A group of teenagers behind the Facebook page Rangoon Revealed is organizing a humanitarian visit to the town of Myitkyina in north Myanmar where more than a hundred thousand Internally Displaced Persons (IDPs) are currently living in makeshift camps.
The proposed trip aims to document the lives of people living in the camps and to provide relief goods to the camp populations. The group hopes to raise $2,000 before the trip.
Thaw Htet, the 17-year-old founder of Rangoon Revealed, provided more information about the campaign on his Indiegogo Page:
When we heard that there were 120,000 people living as refugees in their own country, fighting for mere survival and living on less than 20 cents per day, we had to act.
Rangoon Revealed, inspired by Humans of New York, shares stories of ordinary residents of Yangon (the new name for Rangoon, the former capital of Myanmar).
But this time, the teenagers behind this popular Facebook page are hoping to find out more about the situation of Myanmar residents outside of Yangon.
[…] we aim to document the lives of people living in the camps in the same format as we do it in Rangoon Revealed. This will not only open the lives of the IDPs to the general Burmese public but also internationally as the governments around the world may try to pressure the government to kindle true peace in the region.
As a result of a resumption of fighting in June 2011 between the army of the Kachin Independence Organization (KIO) and government soldiers, large numbers of Kachin people — a collection of ethnic groups who mostly live in the country's northernly Kachin State — were forced to flee from their homes.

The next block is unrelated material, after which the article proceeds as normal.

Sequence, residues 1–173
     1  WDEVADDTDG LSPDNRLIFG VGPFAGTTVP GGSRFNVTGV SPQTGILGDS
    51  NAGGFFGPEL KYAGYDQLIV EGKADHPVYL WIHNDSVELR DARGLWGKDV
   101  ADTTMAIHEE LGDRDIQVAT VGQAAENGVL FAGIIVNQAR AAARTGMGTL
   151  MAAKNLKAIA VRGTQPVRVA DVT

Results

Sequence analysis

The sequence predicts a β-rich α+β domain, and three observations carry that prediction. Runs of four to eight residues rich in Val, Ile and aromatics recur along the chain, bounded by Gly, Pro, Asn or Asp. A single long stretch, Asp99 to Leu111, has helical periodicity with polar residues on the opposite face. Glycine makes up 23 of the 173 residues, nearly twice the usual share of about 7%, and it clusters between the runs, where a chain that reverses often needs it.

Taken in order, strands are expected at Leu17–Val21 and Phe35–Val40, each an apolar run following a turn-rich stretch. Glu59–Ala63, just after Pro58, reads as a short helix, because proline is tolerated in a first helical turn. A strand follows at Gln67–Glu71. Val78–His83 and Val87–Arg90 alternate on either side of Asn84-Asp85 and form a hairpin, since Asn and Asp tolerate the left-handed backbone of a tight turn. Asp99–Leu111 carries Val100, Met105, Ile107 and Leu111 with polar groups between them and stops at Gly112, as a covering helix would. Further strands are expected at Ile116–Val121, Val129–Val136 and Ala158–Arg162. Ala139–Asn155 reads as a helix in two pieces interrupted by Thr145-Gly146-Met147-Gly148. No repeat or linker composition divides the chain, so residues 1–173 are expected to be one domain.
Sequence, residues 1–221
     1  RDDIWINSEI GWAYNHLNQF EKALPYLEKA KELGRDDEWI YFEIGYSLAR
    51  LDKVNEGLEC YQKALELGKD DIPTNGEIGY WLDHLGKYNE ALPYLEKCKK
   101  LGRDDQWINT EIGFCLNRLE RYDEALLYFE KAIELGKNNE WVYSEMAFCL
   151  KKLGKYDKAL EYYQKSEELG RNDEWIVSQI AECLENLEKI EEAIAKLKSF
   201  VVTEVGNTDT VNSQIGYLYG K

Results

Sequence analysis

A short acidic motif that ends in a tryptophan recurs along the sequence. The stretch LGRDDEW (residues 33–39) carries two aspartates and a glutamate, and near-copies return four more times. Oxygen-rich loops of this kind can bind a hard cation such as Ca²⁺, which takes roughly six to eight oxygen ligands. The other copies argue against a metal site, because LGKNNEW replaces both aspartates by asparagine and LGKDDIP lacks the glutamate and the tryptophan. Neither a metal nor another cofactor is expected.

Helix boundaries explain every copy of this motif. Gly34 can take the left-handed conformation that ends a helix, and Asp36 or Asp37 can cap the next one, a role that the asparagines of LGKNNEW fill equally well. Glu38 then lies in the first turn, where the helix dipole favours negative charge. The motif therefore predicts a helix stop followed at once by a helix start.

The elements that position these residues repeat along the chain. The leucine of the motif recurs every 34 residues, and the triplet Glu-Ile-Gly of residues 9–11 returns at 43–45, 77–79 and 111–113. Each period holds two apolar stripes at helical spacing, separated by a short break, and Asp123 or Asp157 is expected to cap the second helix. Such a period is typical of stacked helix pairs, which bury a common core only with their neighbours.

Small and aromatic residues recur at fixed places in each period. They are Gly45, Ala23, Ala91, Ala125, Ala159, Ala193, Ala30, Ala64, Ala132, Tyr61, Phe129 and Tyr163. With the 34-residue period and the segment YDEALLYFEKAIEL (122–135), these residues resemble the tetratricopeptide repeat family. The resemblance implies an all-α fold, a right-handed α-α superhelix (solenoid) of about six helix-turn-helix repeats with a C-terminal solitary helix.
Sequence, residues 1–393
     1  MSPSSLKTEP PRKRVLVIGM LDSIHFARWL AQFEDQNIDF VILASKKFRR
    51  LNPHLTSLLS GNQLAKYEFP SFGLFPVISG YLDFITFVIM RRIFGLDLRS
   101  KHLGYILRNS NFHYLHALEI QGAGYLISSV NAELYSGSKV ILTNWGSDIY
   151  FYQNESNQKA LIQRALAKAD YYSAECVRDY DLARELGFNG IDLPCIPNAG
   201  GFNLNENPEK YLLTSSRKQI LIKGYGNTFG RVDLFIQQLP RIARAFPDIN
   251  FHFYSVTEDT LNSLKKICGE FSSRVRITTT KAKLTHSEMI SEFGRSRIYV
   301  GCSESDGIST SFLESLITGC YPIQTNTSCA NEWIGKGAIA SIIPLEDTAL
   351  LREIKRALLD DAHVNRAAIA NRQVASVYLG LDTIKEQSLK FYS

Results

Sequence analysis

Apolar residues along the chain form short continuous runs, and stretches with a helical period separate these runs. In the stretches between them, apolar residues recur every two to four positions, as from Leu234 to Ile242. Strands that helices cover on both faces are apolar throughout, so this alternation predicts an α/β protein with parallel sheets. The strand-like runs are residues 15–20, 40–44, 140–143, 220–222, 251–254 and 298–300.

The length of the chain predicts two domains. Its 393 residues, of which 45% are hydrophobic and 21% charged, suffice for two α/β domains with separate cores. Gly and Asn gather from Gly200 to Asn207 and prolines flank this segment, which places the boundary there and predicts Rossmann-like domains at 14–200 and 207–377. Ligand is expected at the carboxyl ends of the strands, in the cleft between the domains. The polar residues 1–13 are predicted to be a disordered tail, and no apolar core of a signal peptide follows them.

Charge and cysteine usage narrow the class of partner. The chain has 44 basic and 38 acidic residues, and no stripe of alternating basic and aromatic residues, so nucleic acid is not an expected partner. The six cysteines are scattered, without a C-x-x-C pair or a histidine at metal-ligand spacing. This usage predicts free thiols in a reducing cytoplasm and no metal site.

Over the course of the ongoing conflict, around 120,000 people have been displaced and are now living in 172 camps close to the Chinese border in very poor conditions. According to Laphai Seng Raw from the Metta Development Foundation, the support given to IDPs in northern Myanmar has significantly decreased in the past four years.
As the war enters its fourth year, the fatigue factor is settling in with donors, social organizations and host communities who have been looking after them for so long. Currently, the threat of food shortage is very real in IDP camps, as their daily food ration of MMK 400 per person has been reduced to a mere MMK 200 (about US 20 cents).
With diminishing international support, Kachin civic groups are embarking on various campaigns to raise funds for the IDPs. For instance, the Facebook page Concern, Care and Contribute to the IDPs Now, is appealing for donations.
Meanwhile, Kachin Peace Network is highlighting the alarming situation surrounding the IDPs in the camps:
There are now over 120,000 living on under 40 cents a day, an amount soon to be halved. With continued fighting and only 17% of basic needs being met, the situation of Myanmar's IDPs is particularly worrying, and they are in desperate need of greater funding and financial support.